All comments above apt, , @Stone: but no one with real world demands in the chemical field has time for the nonsense of having carefully constructed, meaningful prose reverted by individuals who neither have training nor writing credentials to be doing anything of the sort. When I happened upon the Oxygen article article, the MO explanation was simply wrong, and so I found a good UK text (Jack Barrett's) whose correlation diagram matched one at Wikimedia Commons, then integrated the MO correlation diagram and explanatory text into the article. At the same time I noticed a picture of a discharge tube that appeared out of place, and with no supporting text information. I moved that orphan image to Talk, explained what was needed for its return, and that is when the firestorm started. The baseless reverting and editing that followed reinserted twice-appearing superficial information about physical properties, and mucked up the MO section—see current Oxygen#Properties_and_molecular_structure and the edit history. (You can see the MO digram now follows immediately after the statement "At standard temperature and pressure, oxygen is a colorless, odorless gas…" though there is an explicit Physical properties section further below.) At the same time, the discharge tube image—which appears because one of the editors runs a private, small museum that features these, and he believes his images belong in all articles possible— was returned to the article, with placement in the Oxygen#Physical_properties section [sic.]. Moreover, my editing of the description of the discharge tube was removed, carte blanche, and the illegible prior material was returned (see the Talk section, there). Bottom line, stilted, noun-verb disagreeing description of this misplaced image was returned in place of a good chemist's English, and remains to this day:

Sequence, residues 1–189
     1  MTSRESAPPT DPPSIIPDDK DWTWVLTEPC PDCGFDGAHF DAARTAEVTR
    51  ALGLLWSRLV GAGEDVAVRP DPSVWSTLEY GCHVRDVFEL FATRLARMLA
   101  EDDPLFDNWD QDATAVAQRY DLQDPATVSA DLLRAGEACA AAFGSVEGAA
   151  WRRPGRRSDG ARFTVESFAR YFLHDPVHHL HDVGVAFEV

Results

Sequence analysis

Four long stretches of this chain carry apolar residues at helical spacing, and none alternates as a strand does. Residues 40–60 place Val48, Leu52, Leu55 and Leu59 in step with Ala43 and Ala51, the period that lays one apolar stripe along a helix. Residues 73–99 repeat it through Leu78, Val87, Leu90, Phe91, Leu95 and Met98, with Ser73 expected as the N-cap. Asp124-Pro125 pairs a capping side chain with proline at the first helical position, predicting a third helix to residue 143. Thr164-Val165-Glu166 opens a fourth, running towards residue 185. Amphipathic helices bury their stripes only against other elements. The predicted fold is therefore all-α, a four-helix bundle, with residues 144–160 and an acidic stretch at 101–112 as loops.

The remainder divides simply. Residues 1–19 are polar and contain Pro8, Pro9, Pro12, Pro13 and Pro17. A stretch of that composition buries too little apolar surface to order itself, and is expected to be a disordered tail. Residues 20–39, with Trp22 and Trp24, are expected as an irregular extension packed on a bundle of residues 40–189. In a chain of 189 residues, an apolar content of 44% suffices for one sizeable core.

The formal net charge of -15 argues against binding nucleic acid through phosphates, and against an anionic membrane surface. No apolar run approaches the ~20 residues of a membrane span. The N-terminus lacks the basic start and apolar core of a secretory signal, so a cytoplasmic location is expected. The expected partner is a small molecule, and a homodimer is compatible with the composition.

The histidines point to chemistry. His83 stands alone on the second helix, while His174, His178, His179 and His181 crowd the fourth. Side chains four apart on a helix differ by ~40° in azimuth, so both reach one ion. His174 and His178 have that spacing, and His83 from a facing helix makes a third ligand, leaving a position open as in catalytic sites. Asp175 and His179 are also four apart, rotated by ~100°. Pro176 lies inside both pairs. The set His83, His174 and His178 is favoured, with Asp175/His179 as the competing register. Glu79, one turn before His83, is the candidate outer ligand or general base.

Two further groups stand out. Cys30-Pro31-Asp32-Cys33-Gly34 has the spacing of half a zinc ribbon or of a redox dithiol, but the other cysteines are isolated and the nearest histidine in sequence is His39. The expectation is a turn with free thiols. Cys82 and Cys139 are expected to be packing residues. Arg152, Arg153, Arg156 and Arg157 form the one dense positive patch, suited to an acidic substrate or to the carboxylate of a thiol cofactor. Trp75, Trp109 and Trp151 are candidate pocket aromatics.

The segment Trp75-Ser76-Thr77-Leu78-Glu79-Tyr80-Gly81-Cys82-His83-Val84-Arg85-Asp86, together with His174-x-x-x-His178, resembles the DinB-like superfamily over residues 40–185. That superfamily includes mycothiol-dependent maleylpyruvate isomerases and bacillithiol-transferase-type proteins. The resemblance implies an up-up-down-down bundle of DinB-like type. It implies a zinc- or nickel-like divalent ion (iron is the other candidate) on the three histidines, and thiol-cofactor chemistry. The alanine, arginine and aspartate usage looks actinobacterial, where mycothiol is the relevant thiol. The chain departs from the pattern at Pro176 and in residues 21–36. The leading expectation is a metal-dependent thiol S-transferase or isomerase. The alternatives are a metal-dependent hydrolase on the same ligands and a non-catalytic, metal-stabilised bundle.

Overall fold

In an oxygen gas discharge spectrum tube, the molecular orbitals of oxygen are stimulated to emit light. The operating conditions for the oxygen image discharge tue: are a pressure of 5-10 mbar, a high voltage of 1.8 kV, a current of 18 mA and a frequency of 35 kHz. During the recombination of the ionized gas molecules, the characteristic color spectrum is emitted. In this case, a small part, caused reversibly formed by the supply of energy ozone. This kind of spectrum tubes are also important to study the spectral lines with a spectrometer. [Bold emphasis of mistakes added.]

Granted, to take the convoluted prose from what they originally entered to anything remotely readable required tags to call attention to the need for clarification (leading to an appearance viewed by as antagonistic). But can anyone here otherwise make full sense of this completely unsourced paragraph? If not deleting part and parcel, what is the option besides leaving what one can, and tagging the rest? Someone, anyone, look to see what has become of this acknowledged good article. It is for this Project, and inorganic and chem education individuals here, to deal with. I'll return from time to time, and prod, but I will waste no more time doing solid, content-professional edits that get reverted by hobbyists that insert unsourced, near illegible material. If it isn't important enough for the inorg and chem ed folks here, it cannot be important enough for me. Cheers, and thank you to all for your real contributions. Tres bien, et bonne nuit. Le Prof Leprof 7272 (talk) 07:17, 25 April 2015 (UTC)

## Indium tin oxide

Please could someone replace the bespoke infobox on Indium tin oxide with {{Chembox}}? Andy Mabbett (Pigsonthewing); Talk to Andy; Andy's edits 14:07, 12 March 2015 (UTC)

ITO is a solid solution of roughly 90% In2O3 and 10% SnO2 -composition is variable- and therefore physical poperties too. Mixtures like this and other "doped" inorganics don't fit with the chem box which is designed for chemical compounds. What do others think? Axiosaurus (talk) 14:42, 12 March 2015 (UTC)

Exactly. This sort of things has come up before. Thus far, the only exceptions which I'm aware of are the mineral acids, and kinetically unstable chemicals such as nitrogen dioxide which is in equilibrium with dinitrogen tetraoxide. Plasmic Physics (talk) 11:27, 14 March 2015 (UTC)